New ‘Woodscraper’ tomorrow and the day after tomorrow in the Federal President’s Office
Building Events

3 June 2024

New ‘Woodscraper’ tomorrow and the day after tomorrow in the Federal President’s Office

Climate Change Centre presents wood as a sustainable building material of the future at the Week of the Environment

The demonstrator for the timber skyscraper is almost four metres high and weighs seven tonnes. It can be seen for two days on 4 and 5 June at an innovation show at the ‘Woche der Umwelt’ (Environment Week) in the garden of Bellevue Palace. The ‘Woodscraper’ is due to be realised shortly. It is an example of what is possible in sustainable building with wood and other natural materials.

A new study by the Climate Change Centre Berlin Brandenburg provides extensive information on sustainable forestry and the diverse use of wood as a building material as well as other natural materials (hemp, clay, straw, mushrooms, etc.) and lists important contacts for sustainable construction in Berlin and Brandenburg. The publication was produced by the Natural Building Lab at Technische Universität Berlin (Prof. Dr Eike Roswag-Klinge, Kim Gundlach) in collaboration with Bauhaus Erde GmbH (Prof. Dr Philipp Misselwitz) and is the final report of one of 17 climate protection research projects funded by the CCC in 2023 with funds from the Senate Department for Science, Health and Care.

According to the authors, the construction sector is responsible for around 40 per cent of CO2 emissions, 55 per cent of waste production and 92 per cent of the extraction of mineral resources, making it one of the most climate-damaging sectors in Germany. In order to achieve climate targets and respond appropriately to resource scarcity, land sealing and biodiversity loss, a new construction and refurbishment culture should be established. Concrete, cement, steel and insulation materials could also be replaced to a large extent with wood and other natural fibres such as hemp, clay, straw or even mushrooms. ‘The goal is a circular construction industry,’ explains TU Professor Dr Eike Roswag-Klinge. ‘A lot of carbon dioxide could also be bound by using renewable raw materials in buildings.’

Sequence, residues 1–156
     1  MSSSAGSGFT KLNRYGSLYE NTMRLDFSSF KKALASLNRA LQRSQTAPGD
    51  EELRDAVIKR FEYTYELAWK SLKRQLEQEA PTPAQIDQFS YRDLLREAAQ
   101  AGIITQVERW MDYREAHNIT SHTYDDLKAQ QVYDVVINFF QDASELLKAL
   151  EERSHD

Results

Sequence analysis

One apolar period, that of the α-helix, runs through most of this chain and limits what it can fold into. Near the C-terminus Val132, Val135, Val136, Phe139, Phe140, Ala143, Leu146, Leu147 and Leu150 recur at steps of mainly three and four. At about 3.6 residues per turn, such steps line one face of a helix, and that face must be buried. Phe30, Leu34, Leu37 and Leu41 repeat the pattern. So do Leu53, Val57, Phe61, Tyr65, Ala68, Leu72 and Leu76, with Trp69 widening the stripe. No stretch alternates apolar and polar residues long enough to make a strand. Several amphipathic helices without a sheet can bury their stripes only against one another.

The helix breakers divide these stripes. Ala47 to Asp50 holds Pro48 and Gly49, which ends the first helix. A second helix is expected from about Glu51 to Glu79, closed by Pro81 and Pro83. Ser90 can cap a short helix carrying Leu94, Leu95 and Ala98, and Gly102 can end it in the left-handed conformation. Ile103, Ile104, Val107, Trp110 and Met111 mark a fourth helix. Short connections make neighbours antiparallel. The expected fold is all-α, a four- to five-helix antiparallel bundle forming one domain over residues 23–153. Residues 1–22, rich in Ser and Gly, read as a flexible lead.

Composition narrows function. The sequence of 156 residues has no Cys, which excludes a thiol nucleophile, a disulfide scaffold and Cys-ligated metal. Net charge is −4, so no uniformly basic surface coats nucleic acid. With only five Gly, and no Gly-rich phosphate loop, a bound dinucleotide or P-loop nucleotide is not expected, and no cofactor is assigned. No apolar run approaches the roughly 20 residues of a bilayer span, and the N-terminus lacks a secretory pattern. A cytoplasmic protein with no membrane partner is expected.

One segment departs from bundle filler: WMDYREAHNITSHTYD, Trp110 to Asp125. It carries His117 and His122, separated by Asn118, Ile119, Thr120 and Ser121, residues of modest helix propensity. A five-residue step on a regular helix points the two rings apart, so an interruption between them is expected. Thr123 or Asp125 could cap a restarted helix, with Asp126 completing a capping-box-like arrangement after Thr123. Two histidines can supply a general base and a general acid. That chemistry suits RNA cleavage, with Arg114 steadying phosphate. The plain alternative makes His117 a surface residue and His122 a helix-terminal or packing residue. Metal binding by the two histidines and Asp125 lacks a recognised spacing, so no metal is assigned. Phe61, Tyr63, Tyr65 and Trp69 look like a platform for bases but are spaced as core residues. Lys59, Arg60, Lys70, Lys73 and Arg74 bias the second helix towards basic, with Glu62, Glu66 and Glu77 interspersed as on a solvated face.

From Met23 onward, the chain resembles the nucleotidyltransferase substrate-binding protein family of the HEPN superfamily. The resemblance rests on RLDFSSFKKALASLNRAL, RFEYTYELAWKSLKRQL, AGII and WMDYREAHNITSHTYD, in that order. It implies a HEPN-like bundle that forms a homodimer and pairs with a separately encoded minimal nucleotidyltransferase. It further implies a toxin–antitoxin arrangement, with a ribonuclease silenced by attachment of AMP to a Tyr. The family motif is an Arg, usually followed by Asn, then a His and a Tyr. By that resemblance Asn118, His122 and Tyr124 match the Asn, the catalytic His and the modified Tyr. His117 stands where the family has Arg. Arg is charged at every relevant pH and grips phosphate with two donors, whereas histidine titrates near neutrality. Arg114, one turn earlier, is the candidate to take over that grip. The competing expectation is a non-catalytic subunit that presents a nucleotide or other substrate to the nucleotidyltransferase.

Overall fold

The public sector is a major property developer and can set a good example in climate-neutral construction, e.g. Berliner Immobilien-management GmbH (BIM) or the Berlin housing associations. But the city of Potsdam can also become a ‘timber building city’, because Brandenburg in particular, with its large areas of forest, is predestined for the timber building revolution. For this reason, all stakeholders in the timber value chain in the region – from forestry companies to master carpenters – were addressed in this project and networked with each other through workshops and meetings. This was done in cooperation with the regional professional associations.

For the prototypical and experimental use of timber as a building material, the scientists involved use ‘real laboratories’ where they can try out and demonstrate their ideas. Examples can be found in the ‘Timber Construction Atlas Berlin Brandenburg’.
Damaged wood can also be used in timber construction. It is important that a healthy mixed forest is replanted and that, despite the acceleration of processes, the common good orientation and democratic processes are observed in urban and building planning. ‘Climate-neutral construction also includes the consistent use of recycled materials,’ explains TU Professor Dr Philipp Misselwitz. Before constructing a new building, it should always be checked whether an existing building could be better utilised or converted – in order to limit the large amount of space and resources consumed.

To the study